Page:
Mali self-defence groups should be held to account – UN


The UN wants Malian authorities to speedily provide justice for victims and survivors of attacks by so-called self-defence groups, responsible for horrific inter-communal violence in central Mali.

This call comes after a weekend assault that claimed the lives of more than 150 people, including at least 50 children.

The attack in Ogossagou in the Mopti region is the latest in a series of raids since March 2018 resulting in the deaths of some 600 women, children and men, according to the UN Office of the High Commissioner for Human Rights (OHCR).

“We urge government to conduct prompt investigations with a view to justice and accountability to break this circle of impunity,” OHCHR’s Ravina Shamdasani said.

“We deployed a team with crime scene investigators as well as human rights officers and they will conduct interviews in the affected villages to establish what happened.”

OHCHR maintains Fulani women, men and children were deliberately targeted.

“Traditional disputes have always been there,” Shamdasani explained, often fuelled by disputes over access to land and water. “Lately it has taken a deadly turn because entire Fulani communities – and we are talking about millions of people – are painted as violent extremists simply because they are Muslim.”

Survivor testimonies indicated victims were thrown down wells and homes and warehouses burned, destroying the livelihoods of an entire community.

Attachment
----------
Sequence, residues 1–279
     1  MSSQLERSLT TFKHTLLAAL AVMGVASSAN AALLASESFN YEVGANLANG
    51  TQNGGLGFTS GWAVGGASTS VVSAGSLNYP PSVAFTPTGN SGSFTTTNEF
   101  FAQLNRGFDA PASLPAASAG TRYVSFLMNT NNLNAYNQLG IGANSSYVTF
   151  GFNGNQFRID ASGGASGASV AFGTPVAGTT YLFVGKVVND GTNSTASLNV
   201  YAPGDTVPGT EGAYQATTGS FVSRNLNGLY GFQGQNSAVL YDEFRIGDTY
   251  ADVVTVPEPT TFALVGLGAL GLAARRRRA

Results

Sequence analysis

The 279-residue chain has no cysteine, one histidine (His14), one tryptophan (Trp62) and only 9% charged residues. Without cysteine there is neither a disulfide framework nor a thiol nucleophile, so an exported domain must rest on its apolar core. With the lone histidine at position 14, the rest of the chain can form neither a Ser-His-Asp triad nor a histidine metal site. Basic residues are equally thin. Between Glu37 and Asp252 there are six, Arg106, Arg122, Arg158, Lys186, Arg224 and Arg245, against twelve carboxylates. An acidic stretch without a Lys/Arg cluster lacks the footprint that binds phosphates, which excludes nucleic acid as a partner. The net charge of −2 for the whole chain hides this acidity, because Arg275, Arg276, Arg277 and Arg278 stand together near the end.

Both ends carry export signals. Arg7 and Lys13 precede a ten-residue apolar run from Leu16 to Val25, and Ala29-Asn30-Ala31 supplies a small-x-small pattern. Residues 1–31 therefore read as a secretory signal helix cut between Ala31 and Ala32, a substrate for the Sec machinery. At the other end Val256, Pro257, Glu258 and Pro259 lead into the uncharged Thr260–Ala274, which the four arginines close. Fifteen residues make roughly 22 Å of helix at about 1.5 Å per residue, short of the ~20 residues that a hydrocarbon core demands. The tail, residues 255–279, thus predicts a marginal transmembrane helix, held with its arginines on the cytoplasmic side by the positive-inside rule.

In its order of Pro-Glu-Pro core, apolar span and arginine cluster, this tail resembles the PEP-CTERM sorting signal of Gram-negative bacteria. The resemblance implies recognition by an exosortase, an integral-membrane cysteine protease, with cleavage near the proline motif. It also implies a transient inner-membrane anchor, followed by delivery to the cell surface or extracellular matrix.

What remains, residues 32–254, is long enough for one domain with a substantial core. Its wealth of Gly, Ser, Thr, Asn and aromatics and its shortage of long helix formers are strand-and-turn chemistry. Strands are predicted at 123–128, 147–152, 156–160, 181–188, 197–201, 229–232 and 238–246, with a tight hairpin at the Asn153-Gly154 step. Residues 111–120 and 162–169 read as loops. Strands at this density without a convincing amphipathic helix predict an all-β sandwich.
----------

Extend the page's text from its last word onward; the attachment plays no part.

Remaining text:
Traditional hunters carried out the raid apparently using automatic weapons, hunting rifles and other weapons, according to OHCHR. Government has dissolved the Dan Nan Ambassagou militia, suspected of committing some atrocities, Shamdasani urged “prompt investigations” of alleged crimes committed by all groups.

Another attack was reported in Welingara village, west of Ogossagou that led to the death of one person. The UN Children’s Fund (UNICEF) condemned the violence, noting injuries sustained by children were gunshot-related, burns and fractures.

Huge displacement

Spokesperson Christophe Boulierac warned thousands of people have fled the increasing violence, with 56,400 internally displaced people in Mopti region at the end of 2018, compared with 2,000 in 2017.

“First assessments speak for themselves: a third of people killed are children, half of the injured are children,” Boulierac said, referring to the Ogossagou attack. “Schools are increasingly threatened, so the threat against children is clear and children are paying the highest price for this crisis in Mali.”

To assist Malian authorities, a team of 10 human rights officers, a child protection officer and two crime scene investigators from the United Nations Police (UNPOL) of the UN Mission in Mali (MINUSMA) deployed to Mopti to conduct a special investigation into the attacks.

Some investigations have been conducted by the authorities, “but they largely fail to result in trials” Shamdasani told journalists in Geneva.

Defence groups ‘taking law into their own hands’ on violent extremism

Mali is struggling with fighting violent extremism.  Many communities use this as a pretext for intercommunal violence, or paint themselves as so-called self-defence groups and take the law into their own hands to get rid of what they perceive to be the threat of violent extremism,” Shamdasani said.